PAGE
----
In the subgroup of 67 patients with three or more echocardiograms performed during the study period, while the degree of diastolic dysfunction fluctuated over time, most patients showed a trend in the evolution of their DD. Twenty-two of these patients (33%) had variable diastolic function with 77% of these fluctuating between two diastolic classes. The remaining 45 patients with three or more studies showed a linear trend in their diastolic function—13 (19%) patients improved, 19 (28%) patients remained stable and 13 (19%) patients deteriorated. Of the patients whose DD improved, 69% showed improvement early during the follow up period (within 2 years). However, deterioration in diastolic function occurred later in the study period (62% deteriorating after 4 years of follow-up).

Clinical correlates of alteration of diastolic function

Deterioration of diastolic class was associated with presence of renal impairment. Improvement of diastolic class was associated with lesser requirement for medical therapy (inhibitors/antagonists of the renin-aldosterone axis and statins), probably because of a lower prevalence of hypertension. Of those that survived to have a follow-up echocardiogram, the independent correlates of outcomes in the subgroup undergoing sequential echocardiography were age (β = 1.08; 95% CI 1.04 to 1.13; p = 0.004), baseline heart failure (β = 6.28; 95% CI 1.33 to 29.56; p = 0.02) and LA size (β = 1.14; 95% CI 0.98 to 1.34; p = 0.01), co-morbidity (β = 12.56; 95% CI 4.02 to 39.17; p<0.0001), diuretic use (β = 0.43; 95% CI 0.15 to 1.29; p = 0.04) (table 2). When the protective effects of these agents were taken into account in a multivariate model, improvement in diastolic dysfunction was associated with a reduction in mortality (β = 0.17; 95% CI 0.03 to 0.89; p = 0.05) (fig 2).

Figure 2

Survival curve comparing improved diastolic dysfunction with stable or deteriorated diastolic dysfunction (DD).

Table 2 Clinical correlates of the progression of diastolic class over follow-up

The effects of changes in blood pressure were studied in a subgroup of 74 patients who had blood pressure recorded at the time of their follow-up echocardiograms. In this subgroup, the change in BP in those improving was a reduction of 9 (16) mm Hg, compared to an increment of 2.6 (22) mm Hg in those with stable and 1 (16) mm Hg in those with deteriorating function (p = 0.14). In the patients who had medication changes recorded, those with improved diastolic function had a greater increment in ACE/ARB dose than the remainder (46% vs 18%) but this was not significant (p = 0.22). Similar findings were recorded for β-blockers (19% vs 2%, p = 0.38).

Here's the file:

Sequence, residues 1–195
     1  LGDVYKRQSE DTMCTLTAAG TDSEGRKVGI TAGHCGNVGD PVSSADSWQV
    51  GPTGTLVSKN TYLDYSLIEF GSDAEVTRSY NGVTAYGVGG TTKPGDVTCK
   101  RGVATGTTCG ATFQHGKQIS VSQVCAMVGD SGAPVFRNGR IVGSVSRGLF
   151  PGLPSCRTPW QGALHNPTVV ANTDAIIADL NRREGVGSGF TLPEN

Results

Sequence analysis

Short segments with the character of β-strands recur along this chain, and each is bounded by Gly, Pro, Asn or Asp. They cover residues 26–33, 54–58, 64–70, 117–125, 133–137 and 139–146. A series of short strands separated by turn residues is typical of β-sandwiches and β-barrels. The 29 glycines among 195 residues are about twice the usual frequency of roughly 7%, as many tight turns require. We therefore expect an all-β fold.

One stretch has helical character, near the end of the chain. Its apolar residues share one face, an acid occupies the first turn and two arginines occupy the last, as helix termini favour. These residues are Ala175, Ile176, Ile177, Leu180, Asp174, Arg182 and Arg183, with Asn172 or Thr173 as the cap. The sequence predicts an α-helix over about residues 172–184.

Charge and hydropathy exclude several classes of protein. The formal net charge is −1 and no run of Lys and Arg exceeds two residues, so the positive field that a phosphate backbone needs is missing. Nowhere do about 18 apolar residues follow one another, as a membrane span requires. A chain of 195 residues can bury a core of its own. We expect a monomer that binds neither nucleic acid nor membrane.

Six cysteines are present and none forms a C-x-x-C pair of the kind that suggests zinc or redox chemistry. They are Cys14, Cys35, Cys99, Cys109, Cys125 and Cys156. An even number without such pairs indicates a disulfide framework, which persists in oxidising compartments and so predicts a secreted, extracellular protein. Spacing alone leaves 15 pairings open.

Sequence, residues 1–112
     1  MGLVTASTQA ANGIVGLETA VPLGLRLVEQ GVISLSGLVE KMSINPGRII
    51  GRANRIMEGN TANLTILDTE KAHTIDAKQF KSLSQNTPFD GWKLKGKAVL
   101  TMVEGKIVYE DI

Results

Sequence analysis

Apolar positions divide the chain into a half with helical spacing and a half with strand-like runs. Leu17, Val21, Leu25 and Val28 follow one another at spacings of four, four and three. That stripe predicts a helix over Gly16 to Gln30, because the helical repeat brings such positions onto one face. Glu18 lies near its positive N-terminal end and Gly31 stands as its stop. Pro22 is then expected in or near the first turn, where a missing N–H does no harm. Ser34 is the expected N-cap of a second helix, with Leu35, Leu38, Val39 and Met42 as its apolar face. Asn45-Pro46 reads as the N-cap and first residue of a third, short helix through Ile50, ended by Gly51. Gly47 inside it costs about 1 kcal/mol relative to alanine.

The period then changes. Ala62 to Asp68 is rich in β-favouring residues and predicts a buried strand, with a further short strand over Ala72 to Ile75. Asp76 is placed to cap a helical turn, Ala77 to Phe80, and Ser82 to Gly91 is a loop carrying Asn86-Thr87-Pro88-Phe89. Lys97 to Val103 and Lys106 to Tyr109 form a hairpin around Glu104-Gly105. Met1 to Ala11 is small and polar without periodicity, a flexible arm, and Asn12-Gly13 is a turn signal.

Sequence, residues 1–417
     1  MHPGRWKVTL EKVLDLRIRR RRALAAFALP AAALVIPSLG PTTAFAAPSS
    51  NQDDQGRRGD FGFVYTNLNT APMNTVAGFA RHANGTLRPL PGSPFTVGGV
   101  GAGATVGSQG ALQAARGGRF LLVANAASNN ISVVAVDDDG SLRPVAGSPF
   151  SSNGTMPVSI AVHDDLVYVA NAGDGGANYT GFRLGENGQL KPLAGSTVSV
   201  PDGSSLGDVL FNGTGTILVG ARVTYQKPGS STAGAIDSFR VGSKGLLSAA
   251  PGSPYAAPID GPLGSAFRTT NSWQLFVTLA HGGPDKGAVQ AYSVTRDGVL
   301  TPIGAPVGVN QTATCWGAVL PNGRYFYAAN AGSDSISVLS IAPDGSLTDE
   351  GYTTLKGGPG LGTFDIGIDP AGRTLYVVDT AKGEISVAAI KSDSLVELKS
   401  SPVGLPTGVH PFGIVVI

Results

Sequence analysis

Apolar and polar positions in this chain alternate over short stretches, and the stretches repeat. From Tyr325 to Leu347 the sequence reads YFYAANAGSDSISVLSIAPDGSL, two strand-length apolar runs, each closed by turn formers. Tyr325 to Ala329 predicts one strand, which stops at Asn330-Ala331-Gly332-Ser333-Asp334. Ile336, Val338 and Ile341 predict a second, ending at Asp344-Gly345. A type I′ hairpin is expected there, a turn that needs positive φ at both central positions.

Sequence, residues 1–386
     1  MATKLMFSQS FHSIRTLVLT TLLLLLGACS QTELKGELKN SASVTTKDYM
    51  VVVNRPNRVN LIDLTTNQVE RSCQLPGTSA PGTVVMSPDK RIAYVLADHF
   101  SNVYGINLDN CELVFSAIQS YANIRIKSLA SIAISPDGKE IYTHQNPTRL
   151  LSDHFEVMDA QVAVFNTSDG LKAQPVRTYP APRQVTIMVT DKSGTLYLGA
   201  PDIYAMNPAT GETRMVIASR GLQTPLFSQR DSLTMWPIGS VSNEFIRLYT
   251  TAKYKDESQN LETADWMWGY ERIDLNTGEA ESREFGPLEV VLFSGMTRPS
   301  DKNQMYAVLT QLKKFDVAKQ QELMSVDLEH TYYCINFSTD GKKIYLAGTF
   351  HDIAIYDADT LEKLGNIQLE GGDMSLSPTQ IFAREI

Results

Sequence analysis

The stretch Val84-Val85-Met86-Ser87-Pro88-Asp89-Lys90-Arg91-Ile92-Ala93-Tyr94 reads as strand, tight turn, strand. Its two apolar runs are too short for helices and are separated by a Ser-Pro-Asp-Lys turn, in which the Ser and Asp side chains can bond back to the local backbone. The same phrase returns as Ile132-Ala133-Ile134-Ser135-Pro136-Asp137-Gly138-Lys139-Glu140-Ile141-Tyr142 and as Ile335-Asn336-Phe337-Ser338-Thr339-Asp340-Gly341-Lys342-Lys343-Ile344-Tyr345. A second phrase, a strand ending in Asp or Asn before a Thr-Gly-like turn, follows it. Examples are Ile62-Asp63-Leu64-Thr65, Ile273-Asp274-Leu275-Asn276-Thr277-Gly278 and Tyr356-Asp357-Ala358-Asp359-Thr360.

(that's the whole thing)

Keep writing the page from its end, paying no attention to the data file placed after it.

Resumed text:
DISCUSSION

The results of this cohort study confirm the association of diastolic function with all-cause mortality that has been demonstrated in previous studies. Baseline diastolic class was an independent predictor of death, irrespective of the presence of a major co-morbidity. In addition, the study shows progression of diastolic dysfunction in a substantial proportion of patients over 5 years, and demonstrates that worsening or ongoing DD is associated with mortality.

Outcome of diastolic dysfunction

Isolated LV DD is present in 35% of hospital-based patients with CCF, who were more likely to be female and hypertensive.20 Survival and 6-month readmission rate are similar in patients presenting with CCF attributable to systolic or diastolic dysfunction.21 Further, increasing severity of DD correlates with a greater degree of structural abnormality and lower EF in a hospital-based setting.22 Evidence of diastolic dysfunction is also associated with reduced quality of life and was an independent risk factor for heart failure and death from cardiac causes.15 Use of diuretics alone has recently been shown to improve quality of life and symptoms of heart failure and when combined with an inhibitor of the renin-aldosterone axis, resulted in minor improvements in ventricular function.22 This study showed a trend to lower systolic BP in those who improved diastolic status, as well as greater increments in anti-hypertensive therapy—although the latter did not reach significance.

The relation between worse levels of diastolic dysfunction and mortality replicates the findings of community-based studies.3 Further, regardless of the class of diastolic dysfunction and when corrected for age, sex and EF, any degree of diastolic impairment was predictive of all-cause mortality. In this study, age, hyperlipidaemia and the presence of a major co-morbidity were also predictive of death.

The association between heart failure and HTN in the context of diastolic dysfunction that was demonstrated in this study is in keeping with previous studies demonstrating that an antecedent history of hypertension is common in patients presenting with diastolic heart failure.4 7 9 12 13 23 24 This relation may be due to myocardial fibrosis, which is important in hypertensive heart disease but has also been shown to correlate with severity of diastolic dysfunction.25

Co-morbid illness